How would you react if you found out that your main competitor had discovered a new commercial model that is two to three times more effective, enables better outcomes for patients, and delivers greater overall value in health care? Let this sink in.
In the medical technology industry, a next-generation commercial model—one that capitalizes on digital and omnichannel interactions—can lead to a twofold or threefold increase in the productivity of sales representatives, as measured in revenue. These are the results that early pioneers of next-generation commercial models have achieved in medtech. But to get there, they had to completely rethink their old commercial models. They had to design a target future customer journey (rather than optimizing existing processes); put marketing in the pole position to generate, nurture, and qualify leads; build a bionic sales force with performance-enhancing technologies; and expand their focus beyond selling to actually making customers successful. These leaders also took an agile, use-case-centered design approach along the customer journey to experiment and learn one step at a time, build the required digital enablers on the way, and ensure strong change management.
The beauty of this new model is that it goes beyond improving commercial effectiveness. It also enables a closer partnership between medtech companies and health care providers to deliver better patient outcomes at lower costs, thus contributing to a more sustainable health care system. Digital marketing, self-service portals, and virtual-engagement models provide physicians and hospitals access to a richer reservoir of knowledge and expertise that is needed in the delivery of care. And taking the customer journey all the way to customer success management makes it easier to do business while at the same time moving beyond selling products to providing solutions that unlock better value in health care.
We have completed our third “milkman” study, again with broad participation from across the sector. We surveyed more than 8,500 employees in commercial functions at medtech companies and conducted over 200 interviews with senior leaders across the US, Europe, Japan, and the BRIC countries. We also extended our financial and organizational benchmarking database to 150 medtech businesses worldwide—including nine of the ten largest companies in the industry. The benchmarked businesses collectively represent more than $85 billion in annual revenue. (For details on earlier publications in this series, see “The Evidence Continues to Build.”)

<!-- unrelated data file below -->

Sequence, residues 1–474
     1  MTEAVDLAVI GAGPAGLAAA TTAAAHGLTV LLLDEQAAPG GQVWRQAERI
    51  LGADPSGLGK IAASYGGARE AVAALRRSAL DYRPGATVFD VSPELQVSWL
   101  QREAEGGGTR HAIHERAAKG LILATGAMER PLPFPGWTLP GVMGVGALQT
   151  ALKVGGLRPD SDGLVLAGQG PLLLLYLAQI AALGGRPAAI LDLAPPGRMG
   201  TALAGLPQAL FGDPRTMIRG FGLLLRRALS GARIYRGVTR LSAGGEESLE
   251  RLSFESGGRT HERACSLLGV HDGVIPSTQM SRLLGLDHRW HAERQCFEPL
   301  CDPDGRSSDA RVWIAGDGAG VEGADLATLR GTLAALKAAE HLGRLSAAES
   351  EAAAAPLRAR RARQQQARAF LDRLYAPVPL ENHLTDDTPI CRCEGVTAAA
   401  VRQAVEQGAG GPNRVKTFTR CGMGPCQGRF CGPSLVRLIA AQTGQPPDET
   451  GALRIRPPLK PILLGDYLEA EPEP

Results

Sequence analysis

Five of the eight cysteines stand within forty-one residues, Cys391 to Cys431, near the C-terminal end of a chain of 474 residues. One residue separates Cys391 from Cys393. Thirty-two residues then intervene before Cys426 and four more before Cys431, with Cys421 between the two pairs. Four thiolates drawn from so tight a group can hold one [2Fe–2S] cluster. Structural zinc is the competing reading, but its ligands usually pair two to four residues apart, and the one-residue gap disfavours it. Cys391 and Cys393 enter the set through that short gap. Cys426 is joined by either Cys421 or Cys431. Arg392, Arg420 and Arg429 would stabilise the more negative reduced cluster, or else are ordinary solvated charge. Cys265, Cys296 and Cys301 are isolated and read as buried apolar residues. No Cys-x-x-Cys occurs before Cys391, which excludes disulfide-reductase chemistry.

As with previous surveys, the new results illustrate the value that firms can unlock by redesigning their commercial models. Overall, the industry has still made little progress, but those organizations that have taken the steps we recommended are vastly outperforming their peers. And in the past year, the coronavirus pandemic has opened eyes at many medtech companies. Because commercial teams were forced to find new ways to interact remotely with their customers, they saw the potential in building a next-generation, omnichannel commercial model.
That was a kind of forced experiment for the industry, but medtech companies cannot—and should not—try to revert to their old ways after the pandemic has passed. Instead, they should follow in the steps of leading players. In this report, we lay out our view on how companies can design the next-generation commercial model and realize its potential.
Until the advent of COVID-19, the medtech industry had only made slow progress in fixing its traditional, high-cost commercial model since our previous studies in 2013 and 2017. On average, medtech companies are still spending two to three times more on selling, general, and administrative (SG&A) expenses (as a percent of the costs of goods sold) than the typical technology or industrial company. Our analyses had originally identified three selling-model archetypes: selling primarily to clinicians, primarily to administrative decision makers, or a hybrid approach targeting both groups. For all three models, the productivity of sales reps has remained roughly the same over the past decade.